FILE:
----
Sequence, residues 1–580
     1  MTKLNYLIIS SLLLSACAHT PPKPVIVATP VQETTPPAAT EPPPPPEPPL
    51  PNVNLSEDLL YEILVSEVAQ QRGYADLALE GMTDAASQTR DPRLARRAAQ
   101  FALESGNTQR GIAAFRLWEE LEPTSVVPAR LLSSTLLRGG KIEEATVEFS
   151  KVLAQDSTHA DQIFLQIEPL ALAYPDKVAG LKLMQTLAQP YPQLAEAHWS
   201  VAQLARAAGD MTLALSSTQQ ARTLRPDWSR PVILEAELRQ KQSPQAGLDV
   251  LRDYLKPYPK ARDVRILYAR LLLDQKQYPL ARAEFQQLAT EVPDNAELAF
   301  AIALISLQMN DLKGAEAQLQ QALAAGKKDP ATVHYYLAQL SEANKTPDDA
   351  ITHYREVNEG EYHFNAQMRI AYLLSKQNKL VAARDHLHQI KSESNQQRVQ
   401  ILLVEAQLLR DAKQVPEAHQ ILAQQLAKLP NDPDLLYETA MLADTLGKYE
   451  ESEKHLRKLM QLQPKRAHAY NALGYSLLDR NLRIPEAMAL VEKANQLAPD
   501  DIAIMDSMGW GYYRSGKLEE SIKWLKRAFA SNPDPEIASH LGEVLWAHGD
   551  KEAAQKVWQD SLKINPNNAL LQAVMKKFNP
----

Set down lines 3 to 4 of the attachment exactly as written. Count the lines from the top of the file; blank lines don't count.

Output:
    51  PNVNLSEDLL YEILVSEVAQ QRGYADLALE GMTDAASQTR DPRLARRAAQ
   101  FALESGNTQR GIAAFRLWEE LEPTSVVPAR LLSSTLLRGG KIEEATVEFS